Here we have a simple cybernetic path. The machine (which consists of the bicycle plus the cyclist) deviates from the chosen direction. The eye sees it and informs the brain which directs the hands to move the steering unit. The eye then checks to see whether the handlebars have moved, and whether the bike is still going to the left, has started to move to the right, or is going straight. The eye then tells the brain what has happened, and the brain issues further instructions to the hands; move more, move less, keep it as is. As the corrections are being made, new deviations crop up, which are dealt with on a continuous basis. In fact, the bike never goes straight; it actually moves in little swings to the left and right which are evened out into one general direction.
If a major deviation occurs (caused perhaps by trying to miss another bicycle coming straight at us), and we correct it with a big swing to the right, and then a smaller correction to the left, till we are riding fairly straight, we speak of a negative feedback. Where, however, the big swing to the left causes us to almost overbalance, we correct with an even bigger swing to the right in a desperate attempt to regain our balance. It is to no avail, the wobbling gets worse and worse, and at last we fall off. This is the situation of positive feedback. Positive feedback is then a situation where the attempt to correct the deviation results in even greater deviations, and so on till disaster occurs.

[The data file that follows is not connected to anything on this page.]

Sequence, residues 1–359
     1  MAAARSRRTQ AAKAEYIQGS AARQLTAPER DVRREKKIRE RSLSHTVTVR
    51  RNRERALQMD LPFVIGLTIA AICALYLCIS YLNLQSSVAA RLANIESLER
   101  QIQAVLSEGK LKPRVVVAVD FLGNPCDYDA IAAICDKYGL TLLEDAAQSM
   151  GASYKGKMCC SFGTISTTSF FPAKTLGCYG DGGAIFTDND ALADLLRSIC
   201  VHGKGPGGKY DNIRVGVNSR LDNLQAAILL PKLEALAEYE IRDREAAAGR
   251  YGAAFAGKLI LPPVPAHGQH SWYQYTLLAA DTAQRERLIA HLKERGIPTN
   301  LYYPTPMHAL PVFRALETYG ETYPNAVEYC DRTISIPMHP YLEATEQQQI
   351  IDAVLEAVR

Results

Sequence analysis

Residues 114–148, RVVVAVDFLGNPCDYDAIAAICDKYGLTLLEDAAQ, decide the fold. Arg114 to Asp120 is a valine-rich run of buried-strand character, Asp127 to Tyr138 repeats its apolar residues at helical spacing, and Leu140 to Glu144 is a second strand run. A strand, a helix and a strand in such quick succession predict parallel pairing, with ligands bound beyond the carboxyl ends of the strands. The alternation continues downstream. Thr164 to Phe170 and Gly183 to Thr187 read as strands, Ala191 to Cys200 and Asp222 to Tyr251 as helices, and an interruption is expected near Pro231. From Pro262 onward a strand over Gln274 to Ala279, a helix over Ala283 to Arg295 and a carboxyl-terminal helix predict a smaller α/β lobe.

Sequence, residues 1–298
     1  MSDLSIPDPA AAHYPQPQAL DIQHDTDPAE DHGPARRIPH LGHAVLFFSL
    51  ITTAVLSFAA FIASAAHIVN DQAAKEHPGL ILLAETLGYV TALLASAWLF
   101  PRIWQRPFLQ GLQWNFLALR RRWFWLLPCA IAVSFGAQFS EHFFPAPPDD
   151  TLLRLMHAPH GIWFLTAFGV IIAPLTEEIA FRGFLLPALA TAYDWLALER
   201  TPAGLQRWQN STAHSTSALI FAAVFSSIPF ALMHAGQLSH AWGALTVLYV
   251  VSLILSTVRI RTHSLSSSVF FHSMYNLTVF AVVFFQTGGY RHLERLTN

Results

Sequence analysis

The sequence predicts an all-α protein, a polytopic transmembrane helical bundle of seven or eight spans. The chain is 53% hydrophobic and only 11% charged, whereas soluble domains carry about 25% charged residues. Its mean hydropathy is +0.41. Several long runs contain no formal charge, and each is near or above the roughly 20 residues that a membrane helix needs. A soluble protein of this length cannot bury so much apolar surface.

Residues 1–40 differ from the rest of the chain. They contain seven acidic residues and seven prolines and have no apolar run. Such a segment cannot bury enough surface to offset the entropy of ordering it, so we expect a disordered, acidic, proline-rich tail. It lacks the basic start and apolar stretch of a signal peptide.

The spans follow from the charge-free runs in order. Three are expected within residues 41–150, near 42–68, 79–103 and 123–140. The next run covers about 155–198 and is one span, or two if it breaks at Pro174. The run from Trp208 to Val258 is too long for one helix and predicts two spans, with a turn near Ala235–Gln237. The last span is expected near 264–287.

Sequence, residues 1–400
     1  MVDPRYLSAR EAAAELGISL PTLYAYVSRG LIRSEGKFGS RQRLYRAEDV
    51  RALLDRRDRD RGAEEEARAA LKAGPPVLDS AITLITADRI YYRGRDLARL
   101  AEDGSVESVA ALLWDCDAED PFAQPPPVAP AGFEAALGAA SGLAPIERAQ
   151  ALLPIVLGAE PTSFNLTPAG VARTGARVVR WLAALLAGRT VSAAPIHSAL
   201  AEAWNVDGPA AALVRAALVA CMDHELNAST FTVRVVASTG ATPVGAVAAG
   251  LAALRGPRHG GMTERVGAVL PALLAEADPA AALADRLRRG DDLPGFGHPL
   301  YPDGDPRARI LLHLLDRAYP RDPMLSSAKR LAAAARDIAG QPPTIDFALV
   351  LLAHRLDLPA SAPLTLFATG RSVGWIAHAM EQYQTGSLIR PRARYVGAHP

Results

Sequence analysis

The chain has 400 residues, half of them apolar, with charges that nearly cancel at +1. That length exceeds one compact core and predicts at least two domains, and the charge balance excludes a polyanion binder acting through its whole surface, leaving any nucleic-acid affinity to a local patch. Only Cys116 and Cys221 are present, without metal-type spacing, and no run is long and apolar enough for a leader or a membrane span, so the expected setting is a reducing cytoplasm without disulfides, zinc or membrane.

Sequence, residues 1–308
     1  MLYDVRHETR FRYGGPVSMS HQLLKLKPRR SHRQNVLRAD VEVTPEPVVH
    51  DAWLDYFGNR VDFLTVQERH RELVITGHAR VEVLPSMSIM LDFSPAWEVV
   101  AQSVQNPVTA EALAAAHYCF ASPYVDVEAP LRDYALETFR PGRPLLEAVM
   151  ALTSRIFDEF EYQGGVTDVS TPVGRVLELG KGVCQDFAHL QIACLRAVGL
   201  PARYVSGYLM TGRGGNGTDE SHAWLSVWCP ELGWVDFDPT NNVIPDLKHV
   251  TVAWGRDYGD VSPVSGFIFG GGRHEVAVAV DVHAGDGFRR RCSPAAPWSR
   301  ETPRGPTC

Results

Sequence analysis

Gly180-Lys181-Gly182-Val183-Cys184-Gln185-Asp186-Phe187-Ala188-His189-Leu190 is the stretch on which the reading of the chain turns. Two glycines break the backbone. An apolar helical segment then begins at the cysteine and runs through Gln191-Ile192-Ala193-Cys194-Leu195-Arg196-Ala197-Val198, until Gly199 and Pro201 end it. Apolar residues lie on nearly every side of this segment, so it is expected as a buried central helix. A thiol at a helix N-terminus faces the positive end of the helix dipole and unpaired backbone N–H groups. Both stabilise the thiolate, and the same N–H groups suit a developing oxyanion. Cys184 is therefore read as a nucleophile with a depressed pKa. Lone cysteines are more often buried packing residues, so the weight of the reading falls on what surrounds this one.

Having explained feedback, we now see that where there is an intimate relationship between two people, the possibility of feedback reactions operating is strong. The closer two people are, the more likely these feedback effects are; something we have all noticed in situations where two people live in each other's pockets. It can also be seen in the effect of long periods of work on psychiatrists, who have an unusually high incidence of nervous breakdowns and suicides. But even in the single reading of the Tarot spread, very intimate relationships are possible, and in fact are part of the bond between Reader and Querent. When, then, the feedback becomes positive, the troubles of the Querent can influence the Reader in an unpleasant way. This is the possibility that the astrologer is secretly afraid of and then tries to avoid, whilst yet maintaining his involvement with people.
Yet we will see when discussing the 'Psychic Mirror' that the very accuracy of the Tarot depends on this feedback. Not only do we need to be in touch with ourselves, but also we must be in touch, at a psychic level, with the Querent, and the Querent must be in touch with us.